Posts Tagged ‘epistemology’

Knowledge and the world to be known; the politics of truth

October 26, 2013

What is the connection between knowledge and the world to be known? In considering this question, Foucault (1973: 8-9) provides a comparison between the views of Kant and Nietzsche. He notes that Kant was the first (among Western philosophers) to say explicitly that the conditions of experience and those of the object of experience were identical. Nietzche, on the other hand, believed that there is no resemblance or prior affinity between knowledge and the things that need to be known  that there is human nature, a world, and something called knowledge between the two, without any affinity, resemblance, or natural tie between them. In other words, there is not necessarily any connection between human knowledge and the world to be known. Rather, knowledge must struggle against a world without order, connectedness, form, or law.

So how to best understand knowledge? Given the discord between knowledge and the world to be known, Nietzche declared that philosophers are the most likely to be wrong about the nature of knowledge, because they tend to think of knowledge in the form of congruence. Rather, if we truly wish to understand knowledge, Foucault (1973: 12) suggested we must look not to philosophers, but to politicians; we must understand what the relations of struggle and power are. In other words, one can understand what knowledge consists of only by examining relations of power  the manner in which people fight one another, try to dominate one another, and seek to exercise power relations over one another. This is a key aspect of what Foucault (1973: 13) refers to as the “politics of truth.” Rather than knowledge and power being separate entities, behind all knowledge is a struggle for power; “political power is not absent from knowledge, it is woven together with it” (Foucault 1973: 32).

In examining the politics of truth, Foucault (1973: 14) highlights the importance of understanding the “perspectival character” of knowledge. By this Foucault (through his interpretation of Nietzsche) means that there is knowledge only in the form of actions by which human beings violently take hold of things, react to situations, and subject them to relations of force. In other words, knowledge is always a certain strategic relation in which humans are placed  there is a battle, and knowledge is the result of this battle.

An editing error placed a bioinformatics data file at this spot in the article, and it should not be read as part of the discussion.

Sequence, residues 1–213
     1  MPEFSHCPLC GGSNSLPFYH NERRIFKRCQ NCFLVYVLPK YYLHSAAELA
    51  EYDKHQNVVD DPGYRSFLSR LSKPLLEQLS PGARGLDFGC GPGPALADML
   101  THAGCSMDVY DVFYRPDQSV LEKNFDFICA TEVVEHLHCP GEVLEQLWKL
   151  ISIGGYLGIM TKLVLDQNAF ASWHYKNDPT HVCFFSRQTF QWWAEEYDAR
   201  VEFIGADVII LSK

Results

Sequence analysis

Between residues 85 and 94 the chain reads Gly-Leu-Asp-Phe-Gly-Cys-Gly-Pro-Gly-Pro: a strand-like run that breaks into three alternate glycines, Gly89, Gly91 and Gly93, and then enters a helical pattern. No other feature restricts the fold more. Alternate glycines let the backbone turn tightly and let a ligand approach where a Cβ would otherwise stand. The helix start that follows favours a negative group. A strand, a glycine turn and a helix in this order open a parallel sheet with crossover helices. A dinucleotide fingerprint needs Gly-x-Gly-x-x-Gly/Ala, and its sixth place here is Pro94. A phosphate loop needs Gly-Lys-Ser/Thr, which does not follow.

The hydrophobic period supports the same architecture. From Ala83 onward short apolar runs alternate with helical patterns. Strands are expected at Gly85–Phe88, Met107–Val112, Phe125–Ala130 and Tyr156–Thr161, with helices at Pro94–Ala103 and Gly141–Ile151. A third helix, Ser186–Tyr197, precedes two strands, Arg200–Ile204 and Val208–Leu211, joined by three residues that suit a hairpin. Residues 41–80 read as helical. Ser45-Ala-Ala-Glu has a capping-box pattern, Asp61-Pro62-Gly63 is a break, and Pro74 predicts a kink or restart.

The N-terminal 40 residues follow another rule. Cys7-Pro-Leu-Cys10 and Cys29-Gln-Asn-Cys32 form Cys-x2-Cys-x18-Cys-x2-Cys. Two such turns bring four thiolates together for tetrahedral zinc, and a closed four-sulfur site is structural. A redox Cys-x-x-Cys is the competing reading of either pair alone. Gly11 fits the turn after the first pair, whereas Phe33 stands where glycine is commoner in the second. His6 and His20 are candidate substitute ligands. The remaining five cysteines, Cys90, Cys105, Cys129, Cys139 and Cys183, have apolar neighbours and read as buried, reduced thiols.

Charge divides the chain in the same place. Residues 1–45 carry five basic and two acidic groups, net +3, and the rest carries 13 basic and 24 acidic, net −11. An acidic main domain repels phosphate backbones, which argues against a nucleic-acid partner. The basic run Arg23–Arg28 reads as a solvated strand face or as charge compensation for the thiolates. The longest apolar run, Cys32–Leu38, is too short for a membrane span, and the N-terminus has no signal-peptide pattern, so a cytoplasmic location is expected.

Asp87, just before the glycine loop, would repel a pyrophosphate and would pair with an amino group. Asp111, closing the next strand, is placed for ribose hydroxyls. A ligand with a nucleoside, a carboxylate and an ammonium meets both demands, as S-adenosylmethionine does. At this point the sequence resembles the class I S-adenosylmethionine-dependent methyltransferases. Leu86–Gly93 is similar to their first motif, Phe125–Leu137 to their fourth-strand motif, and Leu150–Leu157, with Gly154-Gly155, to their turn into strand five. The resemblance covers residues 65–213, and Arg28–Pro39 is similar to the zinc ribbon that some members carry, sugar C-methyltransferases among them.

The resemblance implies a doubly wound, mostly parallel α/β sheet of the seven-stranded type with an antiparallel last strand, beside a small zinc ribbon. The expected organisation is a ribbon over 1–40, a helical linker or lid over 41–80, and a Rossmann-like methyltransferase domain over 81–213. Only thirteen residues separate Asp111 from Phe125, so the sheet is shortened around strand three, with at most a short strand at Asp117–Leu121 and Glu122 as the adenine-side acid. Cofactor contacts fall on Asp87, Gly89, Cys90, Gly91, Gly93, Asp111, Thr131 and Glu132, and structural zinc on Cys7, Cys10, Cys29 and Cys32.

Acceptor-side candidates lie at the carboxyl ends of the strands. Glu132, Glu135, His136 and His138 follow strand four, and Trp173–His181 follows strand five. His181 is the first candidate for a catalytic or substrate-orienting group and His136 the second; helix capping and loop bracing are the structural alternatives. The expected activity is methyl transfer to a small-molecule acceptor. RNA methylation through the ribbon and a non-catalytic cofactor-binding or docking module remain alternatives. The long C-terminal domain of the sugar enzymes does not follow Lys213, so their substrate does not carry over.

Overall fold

Foucault’s view of knowledge differs from the traditional Marxist concept of ideology, in which the subject’s relation to truth is understood to be obscured and violated by conditions of existence, social relations, or the political forms imposed on the subject of knowledge from the outside. In contrast, Foucault (1973: 15) suggests that the political and economic conditions of existence are not a veil or an obstacle for the subject of knowledge but the means by which subjects of knowledge and, in turn, truth relations are formed. Political conditions are the very ground on which subjects of knowledge and relations of truth are formed. What Foucault seeks to do in his work is examine the history through which models of truth have come into existence (e.g., truths regarding juridicial forms, punishment, insanity).

Foucault, M. (1994). Power. New York: New Press.


A proper level of modesty

February 3, 2013

How to go about beginning a lecture with a proper level of modesty? Here is one idea:

What I would like to tell you in these lectures are some things that may be inexact, untrue, or erroneous, which I will present as working hypotheses, with a view to a future work. I beg your indulgence, and more than that, your malice. Indeed, I would be very pleased if at the end of each lecture you would voice some criticisms and objections so that, insofar as possible and assuming my mind is not yet too rigid, I might gradually adapt to your questions and thus at the end of these five lectures we might have done some work together or possibly made some progress. (Foucault, 1973, p. 1)

This was how Foucault opened a series of lectures about truth and juridical forms at the Pontifical Catholic University of Rio de Janeiro in 1973. By using the term modesty, I refer to a postmodern-inspired idea about recognizing the limits of any epistemological stance. This is a modesty which recognizes that although we may develop a stance that is valid, it may not be possible to develop an epistemological position that is fully complete. This is, of course, not to say that “anything goes”; recognizing the validity of multiple positions does not necessitate declaring that all positions are equally valid. Rather, all positions must be appropriately justified and supported. However, maintaining a certain level of modesty in our claims is key in leaving ourselves open to the possibility of growth and learning.